Italian Turkey Meatball Soup

3.) Heat a large pot over medium heat, and add about a tablespoon and a half of olive oil to the pot. Add a layer of meatballs to the pot (don’t crowd the pan, you can brown them in batches), and let them brown for a couple minutes; flip them once, and allow them to brown on the other side. You’re not trying to cook them through, just to sear them, so once they’ve browned, remove them to a paper towel-lined plate, and brown the next batch.

Italian Turkey Meatball Soup

4.) While you brown the meatballs, cook your pasta until al dente, and set aside.

5.) Once all your meatballs are browned, add the diced onions and carrots to the hot pot. Cook until the vegetables are beginning to soften, 3-4 minutes. Season with the salt and pepper, and add the garlic and red pepper flakes.

6.) Add the diced tomatoes, chicken stock, and parmesan rind to the pot. Increase the heat, and let the soup come to a boil; immediately reduce it to a simmer. Add the meatballs to the soup, and allow it to simmer for about 15 minutes, until the meatballs are cooked through and warm.

7.) Spoon a small portion of pasta into each bowl, and then ladle the soup over it. Garnish with freshly grated parmesan and parsley, and serve immediately.

Italian Turkey Meatball Soup

Somewhat surprisingly, this soup is super light. Filling, comforting, warm – but not heavy in the least. The turkey meatballs are moist and flavorful, and there’s just enough pasta to make it feel carb-y. A blanket of freshly grated parmesan cheese perfectly completes it.

If I have to break out the uggs and puffer coat, at least I have soup,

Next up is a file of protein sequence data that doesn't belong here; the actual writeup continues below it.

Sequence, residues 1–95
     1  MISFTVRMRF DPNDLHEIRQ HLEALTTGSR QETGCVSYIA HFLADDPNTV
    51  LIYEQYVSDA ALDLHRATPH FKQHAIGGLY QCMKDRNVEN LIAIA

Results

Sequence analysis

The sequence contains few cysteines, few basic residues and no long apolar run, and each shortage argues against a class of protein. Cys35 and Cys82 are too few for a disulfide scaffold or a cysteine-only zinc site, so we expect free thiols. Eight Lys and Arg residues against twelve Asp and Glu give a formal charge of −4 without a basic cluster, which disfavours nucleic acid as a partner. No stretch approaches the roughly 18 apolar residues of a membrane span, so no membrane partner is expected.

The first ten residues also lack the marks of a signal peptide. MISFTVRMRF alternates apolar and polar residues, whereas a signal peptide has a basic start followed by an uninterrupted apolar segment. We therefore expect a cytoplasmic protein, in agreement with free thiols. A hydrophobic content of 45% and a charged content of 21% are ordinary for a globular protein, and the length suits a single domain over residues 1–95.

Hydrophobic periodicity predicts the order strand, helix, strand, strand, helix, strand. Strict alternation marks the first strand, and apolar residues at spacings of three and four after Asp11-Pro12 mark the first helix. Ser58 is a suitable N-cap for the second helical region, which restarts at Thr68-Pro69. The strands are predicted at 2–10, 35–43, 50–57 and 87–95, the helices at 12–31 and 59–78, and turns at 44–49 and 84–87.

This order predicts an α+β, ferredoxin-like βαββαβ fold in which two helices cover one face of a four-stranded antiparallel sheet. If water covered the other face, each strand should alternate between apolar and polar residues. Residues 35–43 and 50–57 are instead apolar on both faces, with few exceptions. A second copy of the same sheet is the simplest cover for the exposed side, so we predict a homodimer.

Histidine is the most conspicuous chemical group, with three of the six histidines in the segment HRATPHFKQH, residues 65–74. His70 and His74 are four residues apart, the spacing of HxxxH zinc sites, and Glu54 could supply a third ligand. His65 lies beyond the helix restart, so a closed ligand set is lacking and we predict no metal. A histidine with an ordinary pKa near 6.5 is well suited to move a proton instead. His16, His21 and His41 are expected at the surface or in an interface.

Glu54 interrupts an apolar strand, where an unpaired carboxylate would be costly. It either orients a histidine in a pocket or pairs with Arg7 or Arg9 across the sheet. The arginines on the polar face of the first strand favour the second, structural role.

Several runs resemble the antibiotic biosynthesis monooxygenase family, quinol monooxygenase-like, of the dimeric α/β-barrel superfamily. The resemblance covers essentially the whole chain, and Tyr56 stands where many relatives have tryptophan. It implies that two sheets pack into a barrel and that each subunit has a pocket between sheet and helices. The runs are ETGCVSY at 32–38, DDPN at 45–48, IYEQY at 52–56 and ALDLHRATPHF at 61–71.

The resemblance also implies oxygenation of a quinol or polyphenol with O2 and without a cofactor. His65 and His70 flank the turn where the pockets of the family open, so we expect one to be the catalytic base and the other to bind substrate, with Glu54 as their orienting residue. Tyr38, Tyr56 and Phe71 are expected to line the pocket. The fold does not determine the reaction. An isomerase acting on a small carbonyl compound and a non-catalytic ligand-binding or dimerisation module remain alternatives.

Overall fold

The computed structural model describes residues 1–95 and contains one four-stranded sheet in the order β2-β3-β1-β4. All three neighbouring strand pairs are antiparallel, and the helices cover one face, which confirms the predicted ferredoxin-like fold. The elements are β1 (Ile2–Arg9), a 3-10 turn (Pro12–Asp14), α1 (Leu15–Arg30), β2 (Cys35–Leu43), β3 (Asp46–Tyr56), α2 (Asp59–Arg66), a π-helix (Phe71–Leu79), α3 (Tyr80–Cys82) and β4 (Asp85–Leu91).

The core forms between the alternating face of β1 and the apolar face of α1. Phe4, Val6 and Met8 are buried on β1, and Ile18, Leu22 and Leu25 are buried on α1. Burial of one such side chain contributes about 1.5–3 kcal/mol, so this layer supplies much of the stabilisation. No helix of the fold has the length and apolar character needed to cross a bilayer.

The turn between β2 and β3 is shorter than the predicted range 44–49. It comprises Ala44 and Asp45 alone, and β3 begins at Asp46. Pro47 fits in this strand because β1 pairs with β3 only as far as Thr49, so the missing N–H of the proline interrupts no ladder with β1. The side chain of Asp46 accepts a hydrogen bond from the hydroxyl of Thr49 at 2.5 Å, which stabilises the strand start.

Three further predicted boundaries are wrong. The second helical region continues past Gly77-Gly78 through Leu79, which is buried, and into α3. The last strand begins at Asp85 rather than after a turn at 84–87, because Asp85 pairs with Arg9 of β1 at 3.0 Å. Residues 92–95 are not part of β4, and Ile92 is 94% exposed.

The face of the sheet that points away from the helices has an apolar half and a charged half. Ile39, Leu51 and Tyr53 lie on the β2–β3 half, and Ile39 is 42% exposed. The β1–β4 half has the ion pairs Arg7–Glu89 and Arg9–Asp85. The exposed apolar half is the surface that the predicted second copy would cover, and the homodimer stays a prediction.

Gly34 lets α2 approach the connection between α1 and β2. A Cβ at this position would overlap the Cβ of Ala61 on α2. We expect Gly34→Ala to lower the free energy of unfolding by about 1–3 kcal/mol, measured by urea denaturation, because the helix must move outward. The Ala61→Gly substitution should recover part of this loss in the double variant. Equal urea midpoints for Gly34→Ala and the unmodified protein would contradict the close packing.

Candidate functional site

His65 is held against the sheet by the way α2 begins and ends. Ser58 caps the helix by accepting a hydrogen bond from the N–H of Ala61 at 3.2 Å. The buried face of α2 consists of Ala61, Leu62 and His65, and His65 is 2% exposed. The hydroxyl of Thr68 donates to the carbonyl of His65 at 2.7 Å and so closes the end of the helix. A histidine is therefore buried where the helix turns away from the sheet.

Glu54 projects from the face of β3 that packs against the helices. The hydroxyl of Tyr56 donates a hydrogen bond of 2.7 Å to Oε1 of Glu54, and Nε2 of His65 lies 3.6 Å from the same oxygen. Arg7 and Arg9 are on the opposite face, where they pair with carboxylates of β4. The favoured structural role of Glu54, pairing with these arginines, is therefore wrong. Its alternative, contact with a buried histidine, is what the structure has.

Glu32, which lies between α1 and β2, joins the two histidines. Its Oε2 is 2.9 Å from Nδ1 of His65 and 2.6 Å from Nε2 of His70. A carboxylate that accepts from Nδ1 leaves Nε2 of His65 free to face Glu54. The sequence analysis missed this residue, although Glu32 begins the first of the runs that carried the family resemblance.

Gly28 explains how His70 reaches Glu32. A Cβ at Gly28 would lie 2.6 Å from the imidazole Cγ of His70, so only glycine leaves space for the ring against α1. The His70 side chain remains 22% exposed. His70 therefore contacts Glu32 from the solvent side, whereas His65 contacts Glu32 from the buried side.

Tina

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Lamb Burgers with Tzatziki, Tomatoes, and Feta

If you think you don’t like lamb, I strongly encourage you to try these burgers. As you’re all well aware, I am not the BIGGEST carnivore around – I don’t particularly enjoy the flavor of meat by itself (you’ll never find me diving into a giant steak), so if I am endorsing a meat-based dish, you know it’s good. Lamb can be very, very game-y, and it takes a little bit of work to amp up the surrounding flavors in the dish to mellow out that game-y flavor… and these burgers are just a perfect mix of rich lamb, fresh vegetables and herbs, and cool, creamy tzatziki.

Lamb Burgers with Tzatziki, Tomatoes, and Feta

Lamb Burgers with Tzatziki, Tomatoes, and Feta
serves 4-6

For the burgers:
1 lb ground lamb
3-4 large mint leaves, minced
2 tsp minced fresh dill
1/2 tsp dried oregano
2 cloves garlic, grated
1/2 a shallot, minced
2 tsp worcestershire sauce
2 tsp dijon mustard
1/2 tsp kosher salt
1/4 tsp black pepper
1 pint cherry tomatoes, quartered
4 oz crumbled feta
1/2 T olive oil